Thursday, October 24, 2013

Report: American Education Isn't Mediocre—It's Deeply Unequal

1. Report: American Education Isn't Mediocre—It's Deeply Unequal. (2013 October 24) The Atlantic.

2. Category of problem: Education

3. Level of problem: National level

4. The article concerns: A recent state-by-state study revealing that, in comparison to international students, American students in certain states (such as Massachusetts and Vermont) were performing at a highly competitive level. The study alternatively revealed, however, that students in certain states (such as Alabama and Mississippi) were performing at much lower rates than international students and their counterparts in other states.

5. Why this is important: As the title of the article suggests, the study reveals an astonishing gap in the quality of education within the states, as opposed to merely overseas. Naturally, this inequality will deeply disadvantage not only geographically defined demographics, but other corresponding demographics as well (as defined by the demographic content of each state). For example, southern states tend to have less effective education systems; southern states also have higher proportions of African-Americans. This results in a disadvantage for African-Americans.

6. My views on this issue/policy: I hope that policymakers will recognize that this revelation is an important opportunity for school board officials and other government officials to observe the differences between effective and ineffective educational practices, as well as explore how a state's unique identity and environment affects the quality of education within the state.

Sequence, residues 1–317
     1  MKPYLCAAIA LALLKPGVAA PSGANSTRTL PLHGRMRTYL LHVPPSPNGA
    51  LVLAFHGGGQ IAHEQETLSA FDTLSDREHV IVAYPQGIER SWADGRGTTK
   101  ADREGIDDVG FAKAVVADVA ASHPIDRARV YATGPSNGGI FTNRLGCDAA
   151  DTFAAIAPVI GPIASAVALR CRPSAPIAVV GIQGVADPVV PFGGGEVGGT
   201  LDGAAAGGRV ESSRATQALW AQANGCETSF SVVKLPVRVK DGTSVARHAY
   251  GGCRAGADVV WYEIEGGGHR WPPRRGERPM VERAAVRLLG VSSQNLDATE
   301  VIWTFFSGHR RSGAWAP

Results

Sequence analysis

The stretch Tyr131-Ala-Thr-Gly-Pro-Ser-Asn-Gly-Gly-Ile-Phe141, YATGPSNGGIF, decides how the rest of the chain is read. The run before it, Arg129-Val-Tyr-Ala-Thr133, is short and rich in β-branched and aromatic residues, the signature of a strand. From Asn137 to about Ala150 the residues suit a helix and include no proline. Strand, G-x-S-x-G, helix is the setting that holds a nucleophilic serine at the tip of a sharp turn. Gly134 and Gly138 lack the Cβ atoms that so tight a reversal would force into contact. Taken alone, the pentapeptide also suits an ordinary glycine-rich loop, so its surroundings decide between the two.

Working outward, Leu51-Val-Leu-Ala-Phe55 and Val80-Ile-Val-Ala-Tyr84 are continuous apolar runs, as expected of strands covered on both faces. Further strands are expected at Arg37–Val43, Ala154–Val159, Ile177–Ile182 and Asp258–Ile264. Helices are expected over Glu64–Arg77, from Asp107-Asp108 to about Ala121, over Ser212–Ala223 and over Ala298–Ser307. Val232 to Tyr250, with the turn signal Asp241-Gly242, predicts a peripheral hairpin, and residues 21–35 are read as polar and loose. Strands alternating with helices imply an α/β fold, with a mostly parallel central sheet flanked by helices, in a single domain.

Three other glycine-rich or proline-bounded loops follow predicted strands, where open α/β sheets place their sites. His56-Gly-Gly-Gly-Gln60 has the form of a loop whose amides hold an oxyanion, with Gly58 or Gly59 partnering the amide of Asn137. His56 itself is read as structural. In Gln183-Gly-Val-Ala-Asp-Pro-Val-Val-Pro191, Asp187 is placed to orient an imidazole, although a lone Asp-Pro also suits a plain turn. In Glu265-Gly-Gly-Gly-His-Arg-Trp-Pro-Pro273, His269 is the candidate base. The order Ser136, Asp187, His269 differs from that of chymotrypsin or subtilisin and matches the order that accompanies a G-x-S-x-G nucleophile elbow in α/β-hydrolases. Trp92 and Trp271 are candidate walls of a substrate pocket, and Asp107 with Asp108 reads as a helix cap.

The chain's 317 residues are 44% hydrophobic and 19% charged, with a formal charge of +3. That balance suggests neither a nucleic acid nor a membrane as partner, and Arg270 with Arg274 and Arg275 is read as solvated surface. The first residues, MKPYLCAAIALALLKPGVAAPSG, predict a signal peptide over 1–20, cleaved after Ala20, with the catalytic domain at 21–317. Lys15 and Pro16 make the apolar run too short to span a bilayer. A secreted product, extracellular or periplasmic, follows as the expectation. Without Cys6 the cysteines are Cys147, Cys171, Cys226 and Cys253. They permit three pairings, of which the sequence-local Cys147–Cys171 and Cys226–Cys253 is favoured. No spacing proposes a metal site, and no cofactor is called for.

Education is possibly the most important stepping stone to wealth and success (of not only individuals but nations), and studies such as this seem to further underline the existence of ingrained disadvantages for individuals of certain demographics. For reference, the highest performing states were Vermont and Massachusetts, and the lowest performing states were Mississippi and Alabama.

I visited the US Census Bureau and observed the following statistics:

1. Vermont: 
11.3% below the poverty line
4.6% non-white
$53, 422 household income

2. Massachusetts:
10.7% below the poverty line
16.3% non-white
$65, 981 household income

3. Mississippi:
21.6% below the poverty line
40.1% non-white
$38, 718 household income

4. Alabama: 
17.6% below the poverty line
30.0% non-white
$42, 934 household income

These statistics in conjunction with the study from the article show a strong correlation between poverty level, minority population, income and level of education. The two implications of this are (1) impoverished and minority individuals are subject to less effective education systems and thus experience a societal disadvantage, and (2) effective education is key to improving American living standards, and ineffective education perpetuates poverty.

The federal government (as opposed to the state governments) need to address education so that standards of education become more equalized among all states, thus preventing the perpetuation of the poverty cycle among individuals and particular demographics.

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